Thursday, June 13, 2013

Room with a View: FROM UP ON POPPY HILL


Studio Ghibli, the beloved Japanese animation studio best known for its fantasy masterpieces like Hayao Miyazaki’s Spirited Away, My Neighbor Totoro, and Castle in the Sky, has an impressive track record. So sharply observed and deeply felt, these films are special in the way they have an instinctual feel for characters’ internal lives and daily routines expressed through meticulously gorgeous animation that’s beautiful in both design and gesture. When making a film that’s considerably more realistic in approach, like the harrowing World War II drama Grave of the Fireflies or the tender young romance of Whisper of the Heart, this asset can been seen clearly. Take away the fantasy and their films are still full of magic. Ghibli’s latest film to hit American shores is From Up on Poppy Hill, a gentle, observant film with drama kept decidedly small, sweet, and casual. Much like the studio’s earlier human dramas, this is a film that takes plots that could seem stale and lets in fresh air by providing breathing room, space for stillness, pauses of atmosphere and tender emotion.

With a light dusting of nostalgia in the imagery, Poppy Hill takes place in the early 1960s in a small seaside Japanese town. The main character is Umi, a girl who lives with her grandmother and helps run the family’s boarding house. The building contains a number of characters briefly but evocatively glimpsed, a collection of women young and old who encourage one another and are as much friends as landlords and tenants. The film is mainly concerned with the girl’s routine, going to school and rushing home to work. Every morning she runs signal flags up the building’s flagpole, a habit that keeps alive the memory of her father, a sailor who died in the Korean War. She yearns to know more about him, but her mother is away studying in the United States. This develops into a softly, richly felt subplot.

Life moves forward. A tentative romance starts between the girl and a charismatic schoolmate. The boy and girl are feeling the first blushes of puppy love, strong enough to pull them towards each other, but unspoken, so that rather than being together for the sake of being together, they must find other, more practical reasons to meet. Other subplots include the boy’s interest in his family’s past and their schoolmates’ struggle to save their historic clubhouse from certain doom at the hands of the school board. Many of these plot threads center on the kids, the first post-WWII generation, looking to apply knowledge and lessons of the past in their present and future. The film, alive with period music and subtly rendered detail, works calmly around its theme of memory.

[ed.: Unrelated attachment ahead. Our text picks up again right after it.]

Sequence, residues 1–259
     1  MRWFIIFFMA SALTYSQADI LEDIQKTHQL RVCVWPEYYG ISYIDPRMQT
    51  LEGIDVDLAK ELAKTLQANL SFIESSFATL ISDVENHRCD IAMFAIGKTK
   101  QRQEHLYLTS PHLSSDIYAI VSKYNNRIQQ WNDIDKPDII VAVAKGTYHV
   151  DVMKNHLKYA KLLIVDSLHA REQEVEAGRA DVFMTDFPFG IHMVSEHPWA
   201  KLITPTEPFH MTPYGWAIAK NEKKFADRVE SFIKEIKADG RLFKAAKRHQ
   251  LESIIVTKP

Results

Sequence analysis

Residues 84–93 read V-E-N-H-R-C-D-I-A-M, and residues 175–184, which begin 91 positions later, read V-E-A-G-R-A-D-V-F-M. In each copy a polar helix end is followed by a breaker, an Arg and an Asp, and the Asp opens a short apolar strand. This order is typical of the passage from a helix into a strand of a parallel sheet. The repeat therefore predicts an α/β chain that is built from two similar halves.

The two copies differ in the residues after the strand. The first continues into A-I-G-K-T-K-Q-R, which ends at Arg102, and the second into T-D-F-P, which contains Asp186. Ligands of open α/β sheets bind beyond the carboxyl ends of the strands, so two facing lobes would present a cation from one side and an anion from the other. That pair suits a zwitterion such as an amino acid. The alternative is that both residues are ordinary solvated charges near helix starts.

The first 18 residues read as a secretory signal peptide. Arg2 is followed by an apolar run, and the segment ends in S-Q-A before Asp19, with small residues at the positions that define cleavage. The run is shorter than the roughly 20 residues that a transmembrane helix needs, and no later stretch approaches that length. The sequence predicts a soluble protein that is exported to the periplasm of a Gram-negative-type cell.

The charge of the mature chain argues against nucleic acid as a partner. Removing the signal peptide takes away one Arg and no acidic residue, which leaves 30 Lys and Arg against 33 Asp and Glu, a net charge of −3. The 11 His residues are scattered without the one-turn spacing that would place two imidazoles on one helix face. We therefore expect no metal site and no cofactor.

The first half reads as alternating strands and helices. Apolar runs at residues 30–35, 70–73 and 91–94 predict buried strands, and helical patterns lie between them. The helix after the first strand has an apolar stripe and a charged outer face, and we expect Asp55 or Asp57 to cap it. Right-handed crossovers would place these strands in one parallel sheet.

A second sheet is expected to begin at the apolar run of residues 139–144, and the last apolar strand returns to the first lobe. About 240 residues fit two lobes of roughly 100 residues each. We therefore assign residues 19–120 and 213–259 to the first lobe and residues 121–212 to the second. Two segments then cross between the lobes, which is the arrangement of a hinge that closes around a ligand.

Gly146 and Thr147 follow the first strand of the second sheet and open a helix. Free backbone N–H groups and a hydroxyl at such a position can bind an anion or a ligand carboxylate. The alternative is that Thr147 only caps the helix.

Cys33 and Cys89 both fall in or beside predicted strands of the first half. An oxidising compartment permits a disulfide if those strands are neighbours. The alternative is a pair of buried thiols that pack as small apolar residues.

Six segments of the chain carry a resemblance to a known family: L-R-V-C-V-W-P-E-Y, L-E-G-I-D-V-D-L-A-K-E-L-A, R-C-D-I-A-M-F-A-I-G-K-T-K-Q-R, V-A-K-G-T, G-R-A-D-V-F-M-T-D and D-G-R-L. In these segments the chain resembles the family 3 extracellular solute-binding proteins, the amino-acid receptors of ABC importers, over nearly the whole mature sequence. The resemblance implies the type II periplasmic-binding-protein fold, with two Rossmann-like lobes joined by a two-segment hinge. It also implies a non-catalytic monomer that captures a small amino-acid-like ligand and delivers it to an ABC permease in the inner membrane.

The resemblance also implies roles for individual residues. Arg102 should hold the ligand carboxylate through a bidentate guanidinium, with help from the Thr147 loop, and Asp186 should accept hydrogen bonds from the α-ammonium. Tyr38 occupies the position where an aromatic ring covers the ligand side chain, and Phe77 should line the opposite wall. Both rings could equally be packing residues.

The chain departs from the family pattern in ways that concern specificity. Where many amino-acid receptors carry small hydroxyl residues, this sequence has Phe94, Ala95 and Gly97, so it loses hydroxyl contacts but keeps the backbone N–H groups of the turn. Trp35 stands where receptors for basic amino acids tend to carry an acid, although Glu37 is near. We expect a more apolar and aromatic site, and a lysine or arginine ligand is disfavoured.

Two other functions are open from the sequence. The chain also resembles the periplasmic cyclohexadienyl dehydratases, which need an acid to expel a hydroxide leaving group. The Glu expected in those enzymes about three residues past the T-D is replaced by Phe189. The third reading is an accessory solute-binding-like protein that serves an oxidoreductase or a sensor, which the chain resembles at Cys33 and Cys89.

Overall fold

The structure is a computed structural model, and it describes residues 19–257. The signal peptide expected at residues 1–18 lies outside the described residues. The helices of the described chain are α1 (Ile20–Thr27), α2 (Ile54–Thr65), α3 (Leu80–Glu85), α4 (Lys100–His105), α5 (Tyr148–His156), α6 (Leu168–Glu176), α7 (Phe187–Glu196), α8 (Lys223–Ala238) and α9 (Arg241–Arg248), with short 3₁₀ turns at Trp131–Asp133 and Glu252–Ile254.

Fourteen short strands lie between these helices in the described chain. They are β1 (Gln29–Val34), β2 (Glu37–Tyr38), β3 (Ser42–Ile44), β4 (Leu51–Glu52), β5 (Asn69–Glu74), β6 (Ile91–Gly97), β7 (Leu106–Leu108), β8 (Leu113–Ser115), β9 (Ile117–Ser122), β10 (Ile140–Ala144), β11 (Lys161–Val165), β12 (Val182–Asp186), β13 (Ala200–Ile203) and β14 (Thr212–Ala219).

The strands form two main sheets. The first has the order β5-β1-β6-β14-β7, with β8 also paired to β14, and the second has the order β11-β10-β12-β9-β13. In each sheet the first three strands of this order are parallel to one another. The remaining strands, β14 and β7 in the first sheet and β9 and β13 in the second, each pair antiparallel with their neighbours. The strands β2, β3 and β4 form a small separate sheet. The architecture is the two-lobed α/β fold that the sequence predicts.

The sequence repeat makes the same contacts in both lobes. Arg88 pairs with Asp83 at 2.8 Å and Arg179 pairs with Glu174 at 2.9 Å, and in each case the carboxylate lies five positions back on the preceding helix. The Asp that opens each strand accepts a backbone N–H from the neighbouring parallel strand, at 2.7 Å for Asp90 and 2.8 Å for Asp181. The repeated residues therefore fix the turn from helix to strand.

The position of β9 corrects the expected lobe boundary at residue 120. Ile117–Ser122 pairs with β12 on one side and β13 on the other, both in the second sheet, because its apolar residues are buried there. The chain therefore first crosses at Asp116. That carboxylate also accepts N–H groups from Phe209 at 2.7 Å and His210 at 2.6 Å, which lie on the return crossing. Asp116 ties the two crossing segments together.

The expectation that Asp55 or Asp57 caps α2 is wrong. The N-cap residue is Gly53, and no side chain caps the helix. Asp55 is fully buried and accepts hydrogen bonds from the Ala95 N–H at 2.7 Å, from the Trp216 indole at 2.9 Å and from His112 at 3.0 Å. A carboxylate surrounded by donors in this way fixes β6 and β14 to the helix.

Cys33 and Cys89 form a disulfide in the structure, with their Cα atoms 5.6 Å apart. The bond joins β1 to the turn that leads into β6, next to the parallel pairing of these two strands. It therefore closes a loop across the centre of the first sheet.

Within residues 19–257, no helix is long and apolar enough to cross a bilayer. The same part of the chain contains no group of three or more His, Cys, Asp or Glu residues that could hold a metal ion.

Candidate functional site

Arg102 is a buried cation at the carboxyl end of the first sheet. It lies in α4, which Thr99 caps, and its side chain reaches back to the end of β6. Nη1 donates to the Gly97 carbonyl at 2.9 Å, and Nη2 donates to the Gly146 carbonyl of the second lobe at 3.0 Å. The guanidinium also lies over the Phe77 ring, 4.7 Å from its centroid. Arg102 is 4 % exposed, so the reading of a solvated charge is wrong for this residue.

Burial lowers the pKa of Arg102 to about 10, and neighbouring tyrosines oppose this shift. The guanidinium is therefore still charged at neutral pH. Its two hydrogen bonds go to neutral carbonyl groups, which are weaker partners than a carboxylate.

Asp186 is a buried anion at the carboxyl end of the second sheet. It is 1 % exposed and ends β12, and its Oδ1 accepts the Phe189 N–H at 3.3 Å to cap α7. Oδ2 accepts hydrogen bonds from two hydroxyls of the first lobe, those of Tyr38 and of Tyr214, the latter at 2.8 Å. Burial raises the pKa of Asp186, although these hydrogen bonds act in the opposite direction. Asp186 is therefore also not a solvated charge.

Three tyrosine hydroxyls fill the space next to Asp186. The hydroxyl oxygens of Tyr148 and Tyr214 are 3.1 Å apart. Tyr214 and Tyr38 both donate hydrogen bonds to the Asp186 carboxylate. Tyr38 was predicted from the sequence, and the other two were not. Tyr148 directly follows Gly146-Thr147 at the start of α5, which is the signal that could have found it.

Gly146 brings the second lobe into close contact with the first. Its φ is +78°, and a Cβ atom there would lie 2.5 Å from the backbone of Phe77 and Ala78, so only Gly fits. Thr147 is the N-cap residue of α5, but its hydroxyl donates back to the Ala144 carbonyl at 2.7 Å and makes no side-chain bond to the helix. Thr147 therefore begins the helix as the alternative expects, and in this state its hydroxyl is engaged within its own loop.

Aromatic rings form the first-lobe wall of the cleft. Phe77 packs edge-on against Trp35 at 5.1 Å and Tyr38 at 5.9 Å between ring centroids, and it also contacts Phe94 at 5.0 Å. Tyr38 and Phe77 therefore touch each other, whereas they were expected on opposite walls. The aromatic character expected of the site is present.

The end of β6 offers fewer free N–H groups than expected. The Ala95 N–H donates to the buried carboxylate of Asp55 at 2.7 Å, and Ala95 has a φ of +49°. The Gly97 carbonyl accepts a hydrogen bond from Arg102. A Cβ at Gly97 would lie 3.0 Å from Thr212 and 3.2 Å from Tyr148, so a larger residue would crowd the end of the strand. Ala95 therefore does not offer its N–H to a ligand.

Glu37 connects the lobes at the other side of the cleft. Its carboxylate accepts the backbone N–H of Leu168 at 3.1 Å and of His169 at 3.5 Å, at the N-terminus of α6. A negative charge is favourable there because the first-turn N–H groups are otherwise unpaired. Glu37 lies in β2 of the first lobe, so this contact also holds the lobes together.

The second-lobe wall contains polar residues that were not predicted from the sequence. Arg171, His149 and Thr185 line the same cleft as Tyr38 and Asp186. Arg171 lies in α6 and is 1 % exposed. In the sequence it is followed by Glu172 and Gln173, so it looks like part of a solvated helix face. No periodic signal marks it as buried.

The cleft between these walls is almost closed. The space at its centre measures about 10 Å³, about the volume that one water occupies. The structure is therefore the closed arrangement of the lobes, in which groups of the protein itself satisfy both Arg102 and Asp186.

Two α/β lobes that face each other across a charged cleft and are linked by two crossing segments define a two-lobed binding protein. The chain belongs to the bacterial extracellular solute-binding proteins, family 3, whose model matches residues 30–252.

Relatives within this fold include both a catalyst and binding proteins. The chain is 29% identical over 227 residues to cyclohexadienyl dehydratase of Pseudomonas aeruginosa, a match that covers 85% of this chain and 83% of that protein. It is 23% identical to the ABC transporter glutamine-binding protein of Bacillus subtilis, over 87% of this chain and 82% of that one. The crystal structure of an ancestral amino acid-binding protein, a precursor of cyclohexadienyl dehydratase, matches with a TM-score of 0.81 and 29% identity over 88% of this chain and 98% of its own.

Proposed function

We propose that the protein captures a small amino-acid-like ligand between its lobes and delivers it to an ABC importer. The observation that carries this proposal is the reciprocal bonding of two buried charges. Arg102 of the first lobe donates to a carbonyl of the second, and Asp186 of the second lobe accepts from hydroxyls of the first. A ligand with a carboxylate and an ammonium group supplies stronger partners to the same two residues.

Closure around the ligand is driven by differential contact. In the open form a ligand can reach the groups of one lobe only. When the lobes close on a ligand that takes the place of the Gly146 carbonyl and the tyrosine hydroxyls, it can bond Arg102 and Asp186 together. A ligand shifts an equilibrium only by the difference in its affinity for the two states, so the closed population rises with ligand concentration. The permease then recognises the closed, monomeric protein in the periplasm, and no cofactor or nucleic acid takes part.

What makes all of this work is the patience with which it plays out. One character, dismayed over a new piece of information, bemoans that it’s like something out of a “cheap melodrama,” but the film never feels emotionally chintzy. It’s too willing to take the time to let characters feel a multiplicity of emotions, respond to more than one motivation, feel inner conflict that leaks out into their behaviors. An early moment, so fast you might miss it, is indicative of the film’s typical Ghibli touch for allowing close observation in its animation. Two girls approach the boy-dominated clubhouse and ask a simple question of two boys hard at work. When the boys respond, their cheeks gain subtle bright smudges of red. They’re both excited and embarrassed by the prospect of talking to girls. It’s a nice throwaway detail that’s hardly necessary but makes all the difference.

The film, co-written by Hayao Miyazaki and directed by his son Goro, feels consistent with the studio’s house style of emotionally engaged visual detail. There’s something refreshing about a film that’s so confidently small, so willing to simply sit with its characters in their world and see what happens. Though the narrative gently pulls them along, there’s a sense that it’d be just as well if it didn’t. Per usual, Ghibli delivers an animated film with a sense of place and purpose that unfolds at a welcome unhurried pace. It’s practically a guarantee that even a minor Ghibli effort, as this is, will be better than most animated features you’ll see in a given year.


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